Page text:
Friday, September 11, 2015

Zaki's Review: The Visit

The last ten years have been tough ones for M. Night Shyamalan. After the late-'90s/early aughts trifecta of The Sixth Sense, Unbreakable, and Signs marked him (per a Newsweek cover story) as "The Next Spielberg," he ran aground with 2004's The Village, and things only got rougher from there. With his After Earth disappointing two years ago, it's understandable that the writer-director would return to kind of small scale chiller-thriller that paid so many critical and commercial dividends for him early on. Unfortunately, The Visit isn't so much a bold reconquest of his home turf as it is a sad marker of just how far those glory days are.

Serving as the director's entry into the "found footage horror" sweepstakes, The Visit again revolves around Shyamalan's propensity for taking seemingly benign scenarios and slowly revealing a seedy, supernatural (?) underbelly. In this case that scenario is youngsters Becca and Tyler (Olivia DeJonge, Ed Oxenbould) going on a long distance trip to spend a week with the grandparents they've never met (Deanna Dunagan, Peter McRobbie). While things seem Norman Rockwell enough at first, it isn't long before the seams start to show. Something is "off," and we're in the passenger seat alongside Becca and Tyler as we try to solve the mystery.

In the early goings, Shyamalan actually does a pretty good job of drawing us in, displaying a noticeably lighter touch as we get to know our young leads, as well as setting up the film's central conceit of Becca making a documentary about their trip (thus allowing for the whole found footage thing). The kids are both likable and engaging, displaying an easy chemistry and kinship with each other. Further, and without giving anything away, the dawning realization that things aren't entirely right with "Nana" and "Pop Pop" is paced in a way that the build up to the reveal feels worth it (and it's a pretty decent twist, so I won't deign to spoil it here).

Now, we've seen countless found footage flicks since The Blair Witch Project arrived in 1999 (mere weeks before The Sixth Sense, actually). Some have managed to pull it off more successfully than others (Chronicle and Cloverfield come to mind as better examples), but I've yet to see even one example of the genre that can get past the inherent artifice of the format. That is to say, the notion that no matter how stressful or terrifying a situation might be, our characters still manage to keep their camera rolling and capture the footage that comprises the narrative. For all of his confidence with the form, this is a trick not even Shyamalan can manage.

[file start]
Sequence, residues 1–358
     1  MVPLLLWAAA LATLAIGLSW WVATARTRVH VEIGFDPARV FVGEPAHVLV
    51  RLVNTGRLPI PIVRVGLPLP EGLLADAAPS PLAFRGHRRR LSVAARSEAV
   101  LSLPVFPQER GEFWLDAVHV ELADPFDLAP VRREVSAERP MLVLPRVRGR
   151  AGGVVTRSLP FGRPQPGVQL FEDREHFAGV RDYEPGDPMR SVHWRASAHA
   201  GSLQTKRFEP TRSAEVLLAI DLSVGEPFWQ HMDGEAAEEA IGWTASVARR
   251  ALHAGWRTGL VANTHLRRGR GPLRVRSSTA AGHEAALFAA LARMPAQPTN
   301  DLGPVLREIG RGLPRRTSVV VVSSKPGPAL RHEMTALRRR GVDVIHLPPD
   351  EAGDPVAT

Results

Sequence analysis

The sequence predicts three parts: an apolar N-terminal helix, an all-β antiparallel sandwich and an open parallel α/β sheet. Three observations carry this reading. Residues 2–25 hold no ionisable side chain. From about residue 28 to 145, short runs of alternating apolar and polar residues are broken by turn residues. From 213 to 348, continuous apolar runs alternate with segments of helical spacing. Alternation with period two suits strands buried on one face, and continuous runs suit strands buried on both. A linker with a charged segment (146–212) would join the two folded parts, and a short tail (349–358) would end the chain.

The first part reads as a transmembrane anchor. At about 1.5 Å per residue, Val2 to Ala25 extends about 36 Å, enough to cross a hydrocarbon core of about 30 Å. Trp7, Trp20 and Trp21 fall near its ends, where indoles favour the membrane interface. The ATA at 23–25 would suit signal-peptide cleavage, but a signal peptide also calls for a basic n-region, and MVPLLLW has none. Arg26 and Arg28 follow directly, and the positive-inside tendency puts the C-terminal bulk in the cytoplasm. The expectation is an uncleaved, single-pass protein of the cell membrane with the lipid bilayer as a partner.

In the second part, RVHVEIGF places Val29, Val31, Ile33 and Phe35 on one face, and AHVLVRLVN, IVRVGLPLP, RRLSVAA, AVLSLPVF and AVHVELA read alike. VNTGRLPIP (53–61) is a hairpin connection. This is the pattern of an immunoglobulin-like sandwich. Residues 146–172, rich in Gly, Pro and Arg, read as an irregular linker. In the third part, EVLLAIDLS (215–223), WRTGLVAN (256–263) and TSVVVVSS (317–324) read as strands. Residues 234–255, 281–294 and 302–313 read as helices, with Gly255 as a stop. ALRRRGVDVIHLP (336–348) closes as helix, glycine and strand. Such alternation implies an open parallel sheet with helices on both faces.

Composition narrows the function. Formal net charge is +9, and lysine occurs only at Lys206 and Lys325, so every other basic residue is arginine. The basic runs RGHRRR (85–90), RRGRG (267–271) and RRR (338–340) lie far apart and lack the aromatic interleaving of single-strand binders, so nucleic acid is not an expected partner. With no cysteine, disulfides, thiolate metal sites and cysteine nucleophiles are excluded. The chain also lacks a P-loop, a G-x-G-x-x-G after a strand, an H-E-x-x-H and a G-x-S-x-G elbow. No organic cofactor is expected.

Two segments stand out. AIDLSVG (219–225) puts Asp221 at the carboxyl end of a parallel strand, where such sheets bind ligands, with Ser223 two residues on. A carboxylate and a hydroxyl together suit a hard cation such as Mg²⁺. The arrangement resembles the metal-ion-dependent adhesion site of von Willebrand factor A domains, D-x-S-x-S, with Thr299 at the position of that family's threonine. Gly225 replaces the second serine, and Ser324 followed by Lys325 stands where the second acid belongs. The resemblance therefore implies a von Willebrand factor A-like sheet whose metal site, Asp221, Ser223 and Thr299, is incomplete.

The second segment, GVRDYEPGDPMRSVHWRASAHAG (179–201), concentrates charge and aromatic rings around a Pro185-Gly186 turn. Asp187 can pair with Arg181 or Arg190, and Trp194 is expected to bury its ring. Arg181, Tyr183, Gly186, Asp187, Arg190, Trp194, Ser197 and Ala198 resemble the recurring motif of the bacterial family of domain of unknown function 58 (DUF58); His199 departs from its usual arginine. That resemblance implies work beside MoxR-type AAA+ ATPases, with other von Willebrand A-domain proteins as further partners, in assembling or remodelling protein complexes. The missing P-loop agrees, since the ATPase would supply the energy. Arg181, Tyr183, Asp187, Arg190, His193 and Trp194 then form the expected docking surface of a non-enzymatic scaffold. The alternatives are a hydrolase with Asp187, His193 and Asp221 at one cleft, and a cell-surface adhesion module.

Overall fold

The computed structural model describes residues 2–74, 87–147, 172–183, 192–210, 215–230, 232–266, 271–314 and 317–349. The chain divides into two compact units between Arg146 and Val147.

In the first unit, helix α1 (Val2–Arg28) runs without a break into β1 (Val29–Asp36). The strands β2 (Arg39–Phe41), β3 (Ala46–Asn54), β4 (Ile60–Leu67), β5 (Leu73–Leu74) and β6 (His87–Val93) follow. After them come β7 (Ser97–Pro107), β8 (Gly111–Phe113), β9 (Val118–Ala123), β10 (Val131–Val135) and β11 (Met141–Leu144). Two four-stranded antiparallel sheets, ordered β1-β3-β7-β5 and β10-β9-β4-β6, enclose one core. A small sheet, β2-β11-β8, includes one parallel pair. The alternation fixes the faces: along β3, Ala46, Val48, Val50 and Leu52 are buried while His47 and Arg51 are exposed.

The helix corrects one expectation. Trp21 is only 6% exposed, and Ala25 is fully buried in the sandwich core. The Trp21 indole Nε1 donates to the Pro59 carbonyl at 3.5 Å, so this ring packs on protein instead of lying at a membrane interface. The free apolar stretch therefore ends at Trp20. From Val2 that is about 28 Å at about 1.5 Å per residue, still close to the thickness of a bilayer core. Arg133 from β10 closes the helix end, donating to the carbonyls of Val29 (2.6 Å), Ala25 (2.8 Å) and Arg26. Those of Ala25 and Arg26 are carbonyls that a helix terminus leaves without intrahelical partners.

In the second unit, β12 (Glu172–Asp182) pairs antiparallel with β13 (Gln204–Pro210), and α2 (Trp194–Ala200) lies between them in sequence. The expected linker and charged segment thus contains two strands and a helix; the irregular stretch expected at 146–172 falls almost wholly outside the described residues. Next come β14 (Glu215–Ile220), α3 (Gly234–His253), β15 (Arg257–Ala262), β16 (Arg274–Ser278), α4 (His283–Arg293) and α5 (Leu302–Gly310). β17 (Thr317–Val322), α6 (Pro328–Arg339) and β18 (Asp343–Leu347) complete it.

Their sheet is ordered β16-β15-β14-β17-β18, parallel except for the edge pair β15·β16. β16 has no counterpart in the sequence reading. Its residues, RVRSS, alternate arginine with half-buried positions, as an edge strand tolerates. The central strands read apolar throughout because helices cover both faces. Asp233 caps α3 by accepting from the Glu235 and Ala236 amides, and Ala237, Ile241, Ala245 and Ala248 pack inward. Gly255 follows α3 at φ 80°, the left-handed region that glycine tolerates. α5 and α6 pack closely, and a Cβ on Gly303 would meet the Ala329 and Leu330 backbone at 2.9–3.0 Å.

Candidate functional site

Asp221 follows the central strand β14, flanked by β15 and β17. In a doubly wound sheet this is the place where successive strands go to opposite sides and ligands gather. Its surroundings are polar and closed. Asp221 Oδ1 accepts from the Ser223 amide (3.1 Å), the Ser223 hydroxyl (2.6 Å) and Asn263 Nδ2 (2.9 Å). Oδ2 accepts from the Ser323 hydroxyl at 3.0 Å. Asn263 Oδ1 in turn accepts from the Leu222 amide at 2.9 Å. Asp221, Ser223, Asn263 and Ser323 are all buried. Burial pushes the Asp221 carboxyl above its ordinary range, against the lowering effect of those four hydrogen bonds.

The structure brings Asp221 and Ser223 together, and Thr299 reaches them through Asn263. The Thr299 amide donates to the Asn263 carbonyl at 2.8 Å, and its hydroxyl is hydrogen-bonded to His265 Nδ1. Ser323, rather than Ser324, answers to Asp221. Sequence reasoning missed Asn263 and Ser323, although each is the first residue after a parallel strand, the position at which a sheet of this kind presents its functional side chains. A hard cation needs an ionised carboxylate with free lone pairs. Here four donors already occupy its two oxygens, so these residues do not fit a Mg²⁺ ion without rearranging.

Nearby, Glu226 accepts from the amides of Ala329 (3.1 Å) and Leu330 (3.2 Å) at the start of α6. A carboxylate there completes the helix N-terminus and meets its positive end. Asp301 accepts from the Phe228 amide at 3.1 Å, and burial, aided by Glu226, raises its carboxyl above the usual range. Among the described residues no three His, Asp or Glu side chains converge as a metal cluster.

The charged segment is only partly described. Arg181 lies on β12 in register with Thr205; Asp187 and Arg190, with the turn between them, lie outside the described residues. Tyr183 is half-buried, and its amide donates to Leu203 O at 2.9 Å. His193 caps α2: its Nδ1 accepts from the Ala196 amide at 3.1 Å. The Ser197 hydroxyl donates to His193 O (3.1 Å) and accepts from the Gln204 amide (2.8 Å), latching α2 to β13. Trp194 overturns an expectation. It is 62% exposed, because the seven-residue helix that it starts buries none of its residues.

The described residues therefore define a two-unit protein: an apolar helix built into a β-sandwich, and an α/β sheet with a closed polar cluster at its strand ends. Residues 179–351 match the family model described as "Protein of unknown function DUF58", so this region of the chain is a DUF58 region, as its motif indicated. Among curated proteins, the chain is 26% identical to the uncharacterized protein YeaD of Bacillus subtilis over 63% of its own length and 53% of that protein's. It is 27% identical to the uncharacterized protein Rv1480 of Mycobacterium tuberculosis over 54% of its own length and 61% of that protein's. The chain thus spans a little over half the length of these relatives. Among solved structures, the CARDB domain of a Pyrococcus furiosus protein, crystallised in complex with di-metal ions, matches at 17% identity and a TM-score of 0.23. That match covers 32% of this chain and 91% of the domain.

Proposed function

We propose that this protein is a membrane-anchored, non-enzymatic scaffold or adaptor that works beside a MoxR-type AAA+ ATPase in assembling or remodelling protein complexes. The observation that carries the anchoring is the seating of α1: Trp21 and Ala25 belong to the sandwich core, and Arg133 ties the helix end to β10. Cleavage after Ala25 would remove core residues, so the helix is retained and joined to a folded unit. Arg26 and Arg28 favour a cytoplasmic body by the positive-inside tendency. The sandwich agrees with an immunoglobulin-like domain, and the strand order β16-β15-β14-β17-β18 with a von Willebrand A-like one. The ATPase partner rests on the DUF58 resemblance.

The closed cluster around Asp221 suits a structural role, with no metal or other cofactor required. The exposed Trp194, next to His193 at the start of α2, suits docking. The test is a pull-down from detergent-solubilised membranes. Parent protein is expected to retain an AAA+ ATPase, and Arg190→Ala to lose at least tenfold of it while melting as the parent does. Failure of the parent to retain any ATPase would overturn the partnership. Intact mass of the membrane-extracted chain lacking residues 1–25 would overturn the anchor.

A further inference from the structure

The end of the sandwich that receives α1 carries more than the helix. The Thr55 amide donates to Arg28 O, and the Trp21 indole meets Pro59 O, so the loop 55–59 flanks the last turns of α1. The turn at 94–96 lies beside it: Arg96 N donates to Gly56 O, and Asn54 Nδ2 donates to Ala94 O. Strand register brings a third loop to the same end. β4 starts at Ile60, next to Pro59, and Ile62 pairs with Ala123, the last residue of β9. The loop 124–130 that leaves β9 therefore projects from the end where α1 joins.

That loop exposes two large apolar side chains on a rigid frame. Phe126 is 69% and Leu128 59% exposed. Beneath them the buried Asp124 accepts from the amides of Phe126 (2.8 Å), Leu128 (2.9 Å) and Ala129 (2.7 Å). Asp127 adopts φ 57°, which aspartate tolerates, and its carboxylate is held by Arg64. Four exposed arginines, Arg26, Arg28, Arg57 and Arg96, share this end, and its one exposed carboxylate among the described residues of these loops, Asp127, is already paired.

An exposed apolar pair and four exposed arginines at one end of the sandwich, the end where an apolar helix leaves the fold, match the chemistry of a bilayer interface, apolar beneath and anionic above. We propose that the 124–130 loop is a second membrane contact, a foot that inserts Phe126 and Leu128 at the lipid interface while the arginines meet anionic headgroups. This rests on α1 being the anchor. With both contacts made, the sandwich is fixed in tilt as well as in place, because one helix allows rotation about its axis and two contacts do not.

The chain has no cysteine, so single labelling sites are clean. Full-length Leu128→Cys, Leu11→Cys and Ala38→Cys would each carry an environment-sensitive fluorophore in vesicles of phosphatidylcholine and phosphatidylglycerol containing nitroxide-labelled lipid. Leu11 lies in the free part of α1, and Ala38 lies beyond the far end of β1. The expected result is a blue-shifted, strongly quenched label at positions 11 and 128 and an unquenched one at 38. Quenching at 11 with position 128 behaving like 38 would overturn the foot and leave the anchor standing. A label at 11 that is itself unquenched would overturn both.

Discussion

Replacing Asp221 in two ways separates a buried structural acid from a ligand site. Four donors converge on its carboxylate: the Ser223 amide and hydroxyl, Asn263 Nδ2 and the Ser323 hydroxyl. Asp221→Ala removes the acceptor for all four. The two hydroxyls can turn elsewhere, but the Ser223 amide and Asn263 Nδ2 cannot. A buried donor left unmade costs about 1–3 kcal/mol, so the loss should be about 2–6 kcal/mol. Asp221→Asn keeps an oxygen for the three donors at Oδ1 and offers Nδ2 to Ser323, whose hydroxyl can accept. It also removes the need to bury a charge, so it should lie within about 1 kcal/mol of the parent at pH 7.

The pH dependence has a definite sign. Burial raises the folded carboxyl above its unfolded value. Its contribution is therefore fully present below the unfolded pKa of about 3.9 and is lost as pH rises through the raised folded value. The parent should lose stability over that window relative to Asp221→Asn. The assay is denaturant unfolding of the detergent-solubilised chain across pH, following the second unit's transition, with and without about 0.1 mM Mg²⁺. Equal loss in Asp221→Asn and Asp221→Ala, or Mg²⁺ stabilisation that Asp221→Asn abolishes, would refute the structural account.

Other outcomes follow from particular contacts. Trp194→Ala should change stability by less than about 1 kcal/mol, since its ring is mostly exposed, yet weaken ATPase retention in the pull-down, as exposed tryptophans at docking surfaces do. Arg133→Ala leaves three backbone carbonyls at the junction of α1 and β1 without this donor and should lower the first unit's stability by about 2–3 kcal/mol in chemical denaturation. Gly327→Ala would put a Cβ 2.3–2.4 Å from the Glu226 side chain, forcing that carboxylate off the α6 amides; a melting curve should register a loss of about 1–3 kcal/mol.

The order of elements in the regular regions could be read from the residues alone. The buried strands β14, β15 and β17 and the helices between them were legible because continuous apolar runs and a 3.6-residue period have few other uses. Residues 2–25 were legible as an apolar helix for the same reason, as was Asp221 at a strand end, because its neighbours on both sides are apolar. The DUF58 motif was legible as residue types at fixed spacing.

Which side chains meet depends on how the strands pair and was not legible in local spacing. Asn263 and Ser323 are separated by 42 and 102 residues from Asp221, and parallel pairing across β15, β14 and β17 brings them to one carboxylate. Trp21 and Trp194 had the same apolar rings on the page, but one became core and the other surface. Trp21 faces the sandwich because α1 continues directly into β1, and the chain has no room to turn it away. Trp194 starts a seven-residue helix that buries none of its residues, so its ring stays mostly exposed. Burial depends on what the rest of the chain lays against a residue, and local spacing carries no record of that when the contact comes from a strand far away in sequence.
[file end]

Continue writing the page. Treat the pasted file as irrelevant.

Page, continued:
Also, for as much as The Sixth Sense indelibly shackled him to his reputation as "Twist Ending Guy" (something that's really only the case for about half of his output), based on what happens in The Visit, he doesn't seem to be in much of a hurry to divest himself entirely of that rep either. (Although, rather than put it at the end, the big reveal here arrives around two-thirds of the way in, so I guess that kind of qualifies as a twist itself.) However, once the secret is out, there's really nowhere interesting to go from there. And so we sit, biding our time as the story winds down.

Unlike The Sixth Sense or Unbreakable, both of which are legitimately good movies capped off by brilliant final act swerves, The Visit's structure is such that its only reason to exist is that swerve, after which we have the rest of the film to work backwards and see all the ways it doesn't particularly hold up to scrutiny. When I reviewed After Earth, I noted that, "at just over 90 minutes, it doesn't really stick around long enough to become actively offensive. It comes and it goes, and then it's forgotten." And I can apply the same sentiment here. The very best thing about this visit is that it's a brief one. C

For some more thoughts on the varied career of M. Night Shyamalan, as well as all the latest out of Hollywood, catch the latest episode of the MovieFilm Podcast at this link or via the embed below:

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